9. 4 out of 5

    Bill Colburn

    This book brought back a lot of memories of my own Vietnam service with the combat engineers during 1970-71. However I was fortunate to be one of those REMFs author Haynie refers to, and never had to hump the boonies like he did. Even luckier that I can count on one hand the number of times our base took any mortar rounds. Still we lost several men when their chopper was shot down as they were inspecting one of our construction sites. Consequently I never had to see my buddies dead or wounded li This book brought back a lot of memories of my own Vietnam service with the combat engineers during 1970-71. However I was fortunate to be one of those REMFs author Haynie refers to, and never had to hump the boonies like he did. Even luckier that I can count on one hand the number of times our base took any mortar rounds. Still we lost several men when their chopper was shot down as they were inspecting one of our construction sites. Consequently I never had to see my buddies dead or wounded like this author had to do. I also appreciated the epilogue about his army reunions after the war and the obits of his buddies who had passed in the years following their return home. Bittersweet, but it added another dimension to how the author made his buddies come alive in this book. If you're interested in a matter-of-fact, day to day rundown of what a soldier's life was actually like over there, Haynie's book is a good place to start.

  10. 5 out of 5

    Darrell Woolums

    My cousin, Terry Woolums, served with Glyn Haynie, the author, and is mentioned in the book. Terry spent eleven months in the field as a 19 year old draftee. Even though he was small, he was the M-60 machine gunner for three months (I have his service records). I have read other books about Vietnam but as someone else stated, it seems like you are right there alongside the author. My cousin was troubled by his Vietnam experience and died too early from Agent Orange. I took care of him for severa My cousin, Terry Woolums, served with Glyn Haynie, the author, and is mentioned in the book. Terry spent eleven months in the field as a 19 year old draftee. Even though he was small, he was the M-60 machine gunner for three months (I have his service records). I have read other books about Vietnam but as someone else stated, it seems like you are right there alongside the author. My cousin was troubled by his Vietnam experience and died too early from Agent Orange. I took care of him for several years and he talked of his Vietnam experience all the time but it wasn't until I read this book that I understood what he had gone through. This book educates those of us who did not go over there how frequent the casualties and death were and how they lived in filth and the hardships they endured for an ungrateful nation. This is the best book written from a soldier's perspective of the Vietnam War.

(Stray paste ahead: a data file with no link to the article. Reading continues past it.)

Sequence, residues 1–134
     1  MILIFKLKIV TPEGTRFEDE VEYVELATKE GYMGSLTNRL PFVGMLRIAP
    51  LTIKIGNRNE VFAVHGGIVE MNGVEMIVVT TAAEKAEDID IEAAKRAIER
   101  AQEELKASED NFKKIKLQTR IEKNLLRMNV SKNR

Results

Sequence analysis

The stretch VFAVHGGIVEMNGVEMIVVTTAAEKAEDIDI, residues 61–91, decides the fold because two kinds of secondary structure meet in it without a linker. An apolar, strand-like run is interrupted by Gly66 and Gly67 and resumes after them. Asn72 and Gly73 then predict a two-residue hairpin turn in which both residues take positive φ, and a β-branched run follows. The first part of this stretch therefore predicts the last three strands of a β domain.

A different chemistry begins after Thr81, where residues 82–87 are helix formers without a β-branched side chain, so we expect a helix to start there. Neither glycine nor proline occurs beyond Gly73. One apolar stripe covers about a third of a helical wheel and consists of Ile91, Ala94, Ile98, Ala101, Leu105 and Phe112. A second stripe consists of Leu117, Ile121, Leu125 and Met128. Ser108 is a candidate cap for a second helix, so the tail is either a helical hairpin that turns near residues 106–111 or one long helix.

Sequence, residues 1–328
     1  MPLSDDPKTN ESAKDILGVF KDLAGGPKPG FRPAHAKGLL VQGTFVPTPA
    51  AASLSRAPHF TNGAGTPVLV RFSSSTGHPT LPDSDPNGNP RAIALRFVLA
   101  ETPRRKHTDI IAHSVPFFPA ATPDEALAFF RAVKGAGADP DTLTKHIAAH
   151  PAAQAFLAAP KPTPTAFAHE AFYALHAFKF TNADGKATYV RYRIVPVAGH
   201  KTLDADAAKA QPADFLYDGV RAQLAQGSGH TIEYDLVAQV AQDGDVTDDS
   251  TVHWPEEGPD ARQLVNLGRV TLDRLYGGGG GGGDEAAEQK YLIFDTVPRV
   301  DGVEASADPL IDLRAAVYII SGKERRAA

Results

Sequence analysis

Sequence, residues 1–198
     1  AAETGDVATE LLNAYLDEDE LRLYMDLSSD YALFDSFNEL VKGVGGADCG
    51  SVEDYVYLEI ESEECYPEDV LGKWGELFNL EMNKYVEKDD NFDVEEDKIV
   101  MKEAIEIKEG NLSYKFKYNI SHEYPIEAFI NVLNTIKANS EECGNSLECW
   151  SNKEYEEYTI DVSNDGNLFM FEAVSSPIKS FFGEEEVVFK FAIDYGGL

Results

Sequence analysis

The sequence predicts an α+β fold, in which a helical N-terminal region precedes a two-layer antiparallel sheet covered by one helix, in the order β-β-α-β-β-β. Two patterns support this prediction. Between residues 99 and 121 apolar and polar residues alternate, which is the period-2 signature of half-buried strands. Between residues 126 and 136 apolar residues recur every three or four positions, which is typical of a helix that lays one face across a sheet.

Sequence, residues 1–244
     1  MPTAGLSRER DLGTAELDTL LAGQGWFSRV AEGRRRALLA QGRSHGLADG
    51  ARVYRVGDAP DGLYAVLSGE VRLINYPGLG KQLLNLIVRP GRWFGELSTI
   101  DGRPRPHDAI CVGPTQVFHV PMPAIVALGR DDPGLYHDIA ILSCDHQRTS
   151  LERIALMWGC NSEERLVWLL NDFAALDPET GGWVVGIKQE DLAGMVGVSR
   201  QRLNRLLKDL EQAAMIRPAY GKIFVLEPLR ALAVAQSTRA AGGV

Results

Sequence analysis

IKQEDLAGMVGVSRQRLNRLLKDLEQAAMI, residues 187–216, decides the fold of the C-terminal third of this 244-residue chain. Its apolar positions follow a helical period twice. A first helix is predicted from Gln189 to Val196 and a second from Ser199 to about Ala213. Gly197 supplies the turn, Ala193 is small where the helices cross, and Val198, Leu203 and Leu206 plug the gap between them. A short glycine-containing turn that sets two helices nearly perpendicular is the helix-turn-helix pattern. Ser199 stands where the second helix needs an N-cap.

11. 5 out of 5

    James Shaw

    I served in the 198th Brigade during the same time Glyn Haynie was in the 11th Brigade. I was a First LT Platoon Leader until I was promoted to Captain. I think he expressed the life of a Grunt better than I have ever heard it expressed in a book. As he said most of the time my platoon was less than 20 men and while on the bunker line Pot became more of a problem. The news of war protests back in the states also effected morale. Even with these problems most men looked out for each and did their I served in the 198th Brigade during the same time Glyn Haynie was in the 11th Brigade. I was a First LT Platoon Leader until I was promoted to Captain. I think he expressed the life of a Grunt better than I have ever heard it expressed in a book. As he said most of the time my platoon was less than 20 men and while on the bunker line Pot became more of a problem. The news of war protests back in the states also effected morale. Even with these problems most men looked out for each and did their best. Very good book and I am glad Glyn stayed in the Army. I can't wait to read the next book.

  12. 5 out of 5

    Amy

    I recently finished Mr. Haynie's memoir and was moved by his story. A young man sent overseas for the first time witnesses brutality and war, losing his innocence in the process. I highlighted lots of passages because I appreciated the detail he gave. It made it that much more real for me. Thank you, Mr. Haynie, for writing this memoir, and thank you for doing your duty to our country. God bless you. I recently finished Mr. Haynie's memoir and was moved by his story. A young man sent overseas for the first time witnesses brutality and war, losing his innocence in the process. I highlighted lots of passages because I appreciated the detail he gave. It made it that much more real for me. Thank you, Mr. Haynie, for writing this memoir, and thank you for doing your duty to our country. God bless you.